Change in approach helps New Jersey cut homeless rate in half

In this Oct 2012 photo

In this Oct 2012 photo

Homelessness in New Jersey has fallen nearly 50 percent over the last nine years, according to a new report from the federal government.

Since 2007, the number of residents living in or at risk of homelessness has dropped by 8,419. That includes a more than 70 percent decrease in the number of chronically homeless.

The U.S. Department of Housing and Urban Development analyzed data collected from 2007 to 2016 across the country during annual “point in time” counts — that is a coordinated accounting of the number of people experiencing homelessness on a given night.

Taiisa Kelly with Union County-based Monarch Housing Associates, which coordinates New Jersey’s annual count, said the significant decrease in the state’s homeless population could stem from more cities and counties embracing the idea of getting people housed as quickly as possible — models known as “housing first” or “rapid rehousing.”

“The older model kind of worked from the assumption that first you had to address your issues before you could be ready to be placed in housing,” Kelly said. “What we found is that there was a segment of the population that was never able to address their issues before they got into housing.”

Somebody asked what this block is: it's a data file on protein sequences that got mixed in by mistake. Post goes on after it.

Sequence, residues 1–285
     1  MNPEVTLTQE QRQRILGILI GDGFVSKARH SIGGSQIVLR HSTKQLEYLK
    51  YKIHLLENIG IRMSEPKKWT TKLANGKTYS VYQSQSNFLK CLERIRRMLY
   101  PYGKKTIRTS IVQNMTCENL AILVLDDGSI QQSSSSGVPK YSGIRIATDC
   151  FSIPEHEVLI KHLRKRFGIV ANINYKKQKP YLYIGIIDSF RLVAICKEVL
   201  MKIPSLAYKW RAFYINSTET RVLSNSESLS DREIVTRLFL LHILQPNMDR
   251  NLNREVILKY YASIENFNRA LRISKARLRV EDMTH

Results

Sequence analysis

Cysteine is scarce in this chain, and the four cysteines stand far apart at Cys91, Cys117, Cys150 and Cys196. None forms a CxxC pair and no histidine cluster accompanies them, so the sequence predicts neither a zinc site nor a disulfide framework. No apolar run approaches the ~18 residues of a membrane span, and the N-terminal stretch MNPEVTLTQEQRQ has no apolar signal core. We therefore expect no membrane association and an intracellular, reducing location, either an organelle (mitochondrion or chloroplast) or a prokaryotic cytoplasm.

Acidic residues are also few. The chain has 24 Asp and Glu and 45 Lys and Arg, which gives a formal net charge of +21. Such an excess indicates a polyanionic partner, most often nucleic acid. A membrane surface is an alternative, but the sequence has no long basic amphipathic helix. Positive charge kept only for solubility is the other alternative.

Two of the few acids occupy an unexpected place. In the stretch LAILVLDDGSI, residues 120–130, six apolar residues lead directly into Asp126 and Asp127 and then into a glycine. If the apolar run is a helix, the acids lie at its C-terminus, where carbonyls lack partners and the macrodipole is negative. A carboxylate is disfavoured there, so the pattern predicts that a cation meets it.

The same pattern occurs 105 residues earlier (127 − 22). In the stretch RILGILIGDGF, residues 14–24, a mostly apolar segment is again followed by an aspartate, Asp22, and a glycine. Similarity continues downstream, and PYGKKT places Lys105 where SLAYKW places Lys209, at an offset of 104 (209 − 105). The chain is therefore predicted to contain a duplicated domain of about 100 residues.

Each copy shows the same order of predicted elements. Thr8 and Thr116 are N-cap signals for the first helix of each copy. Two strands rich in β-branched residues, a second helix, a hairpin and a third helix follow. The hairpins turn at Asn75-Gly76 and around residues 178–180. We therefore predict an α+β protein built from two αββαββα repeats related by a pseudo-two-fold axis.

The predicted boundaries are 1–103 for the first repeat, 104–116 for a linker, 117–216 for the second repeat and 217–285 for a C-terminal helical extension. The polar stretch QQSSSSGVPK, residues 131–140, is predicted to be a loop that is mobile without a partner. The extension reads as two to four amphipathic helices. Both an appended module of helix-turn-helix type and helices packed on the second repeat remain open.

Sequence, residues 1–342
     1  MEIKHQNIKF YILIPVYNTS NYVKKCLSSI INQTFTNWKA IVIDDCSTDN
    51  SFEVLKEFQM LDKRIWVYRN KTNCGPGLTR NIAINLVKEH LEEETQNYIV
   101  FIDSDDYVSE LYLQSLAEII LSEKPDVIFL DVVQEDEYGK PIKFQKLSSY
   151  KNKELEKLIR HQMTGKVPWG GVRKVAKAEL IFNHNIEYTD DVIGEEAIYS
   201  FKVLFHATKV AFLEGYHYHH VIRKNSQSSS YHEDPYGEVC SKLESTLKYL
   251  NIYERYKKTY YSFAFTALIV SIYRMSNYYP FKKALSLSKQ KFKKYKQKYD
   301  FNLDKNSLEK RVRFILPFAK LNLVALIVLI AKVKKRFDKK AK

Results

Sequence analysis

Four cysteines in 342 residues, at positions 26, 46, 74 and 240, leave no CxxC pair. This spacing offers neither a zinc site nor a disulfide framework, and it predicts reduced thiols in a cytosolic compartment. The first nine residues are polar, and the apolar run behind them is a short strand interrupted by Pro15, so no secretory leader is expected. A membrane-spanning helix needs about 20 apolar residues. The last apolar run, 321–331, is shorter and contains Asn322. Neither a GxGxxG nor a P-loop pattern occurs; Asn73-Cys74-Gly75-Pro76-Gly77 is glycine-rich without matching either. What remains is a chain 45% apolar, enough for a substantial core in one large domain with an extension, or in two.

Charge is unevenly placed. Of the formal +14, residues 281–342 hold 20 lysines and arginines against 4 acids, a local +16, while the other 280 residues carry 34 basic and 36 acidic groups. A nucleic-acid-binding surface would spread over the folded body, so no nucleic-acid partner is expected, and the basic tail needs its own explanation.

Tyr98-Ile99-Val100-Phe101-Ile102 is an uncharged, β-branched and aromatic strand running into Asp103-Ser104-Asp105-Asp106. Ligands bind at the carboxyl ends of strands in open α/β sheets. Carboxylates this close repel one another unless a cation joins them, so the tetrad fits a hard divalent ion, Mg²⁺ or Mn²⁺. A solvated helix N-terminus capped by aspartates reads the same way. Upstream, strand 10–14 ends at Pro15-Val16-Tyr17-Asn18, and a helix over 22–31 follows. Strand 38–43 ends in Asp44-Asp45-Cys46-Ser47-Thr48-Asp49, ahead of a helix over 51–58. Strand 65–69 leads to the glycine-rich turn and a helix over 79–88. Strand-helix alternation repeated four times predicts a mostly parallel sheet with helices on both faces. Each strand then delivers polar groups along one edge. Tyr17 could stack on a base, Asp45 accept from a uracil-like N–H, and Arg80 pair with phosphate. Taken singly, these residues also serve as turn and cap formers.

For example, Atlantic County’s “single point of entry” program, started in 2014, is a one-stop location where people receive a needs assessment and have access to an array of services from housing to mental health and drug counseling.

Last year, Camden County launched its “housing first” program in partnership with Cooper University Hospital, which is working to pull poor and homeless residents out of a revolving door of emergency rooms and jails by providing them with rental vouchers.

Kelly believes if more communities continue to adopt these models and redirect existing financial resources to them, the number of homeless in New Jersey will continue to fall.

“We are hopeful communities can continue to implement these strategies,” she said.

An estimated 5,540 individuals and 3,355 people in families with children are still considered homeless in New Jersey.

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